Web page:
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UEFA Seeks Assistance to Fight Match Fixing

Home » UEFA Seeks Assistance to Fight Match Fixing

The Union of European Football Association (UEFA) published a post recently stating that they would require assistance in fighting match-fixing in soccer. As a result, one of the leading football leagues in the world then launched a program that would find a person to conduct a possibility study. The main reason for this was to determine different approaches to increase football’s capability to prosecute and uncover all cases of rigged or fixed games.

uefa match fixing

This offer is open to any organization or person that will be able to complement the current structures that challenge match-fixing. According to UEFA’s announcement, some of these organizations include groups such as EUROPOL, ICPO Interpol, the council of Europe’s Macolin Convention and many others that are part of the football league’s 55 members.

Details – UEFA Attends to Match Fixing

The requirements of the tender offer state that the entity or the entities that will be selected to do the study will need to respond to a couple of critical issues. These crucial matters include the main problems that are faced by soccer in Europe related to match-fixing, consultation with stakeholders, benchmarking and other possible structures that might help address the issues of preventing match rigging.

Lately, rigged matches have grown to be a severe problem in different countries, and UEFA has recognized the need to demolish this. The renewed partnership between Sportradar and Bundesliga that happened a couple of months is expected to help, and Spain as well, saw the matter reaching the legislative chambers for further discussion. It is reported that the government of Spain is currently exploring the option of creating a governing commission specifically to supervise the soccer industry.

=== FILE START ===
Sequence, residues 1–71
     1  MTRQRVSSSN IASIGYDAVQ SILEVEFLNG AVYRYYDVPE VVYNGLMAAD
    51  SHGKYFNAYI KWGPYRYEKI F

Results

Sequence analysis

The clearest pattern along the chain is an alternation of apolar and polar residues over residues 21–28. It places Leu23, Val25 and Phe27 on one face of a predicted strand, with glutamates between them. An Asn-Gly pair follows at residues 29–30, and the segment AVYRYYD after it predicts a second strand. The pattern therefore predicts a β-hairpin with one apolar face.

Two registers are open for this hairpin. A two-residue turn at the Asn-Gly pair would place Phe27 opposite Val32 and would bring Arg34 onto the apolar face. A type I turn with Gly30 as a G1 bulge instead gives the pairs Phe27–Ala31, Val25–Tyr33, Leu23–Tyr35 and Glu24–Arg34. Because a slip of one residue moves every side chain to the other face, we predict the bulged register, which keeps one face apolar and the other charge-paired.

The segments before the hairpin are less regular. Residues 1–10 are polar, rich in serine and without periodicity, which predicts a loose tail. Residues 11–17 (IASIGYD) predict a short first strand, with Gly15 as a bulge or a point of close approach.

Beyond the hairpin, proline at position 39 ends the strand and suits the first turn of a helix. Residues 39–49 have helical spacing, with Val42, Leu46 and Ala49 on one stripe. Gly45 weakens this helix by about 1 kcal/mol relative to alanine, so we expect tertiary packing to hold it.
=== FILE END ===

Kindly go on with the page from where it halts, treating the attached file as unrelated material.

In the announcement, the president of UEFA, Aleksander Čeferin mentioned that they need to do as much as they can to stop match-fixing as he believes that individually and collectively, they have not been doing enough. He further mentions that the most essential thing is co-operation between the different governments because the main issue has always been that even if they are aware of many things, every case must be prosecuted.


Čeferin goes on to say that the central issue of this is that their jurisdiction ends at the soccer field; no phones are tapped, and no people are placed in prison. So, according to him, the study will then look into ways of bringing together the different actors on this matter, and he ends by saying that they are working on it together and not isolation. Their primary mandate is to challenge what has become a significant threat to sports’ integrity.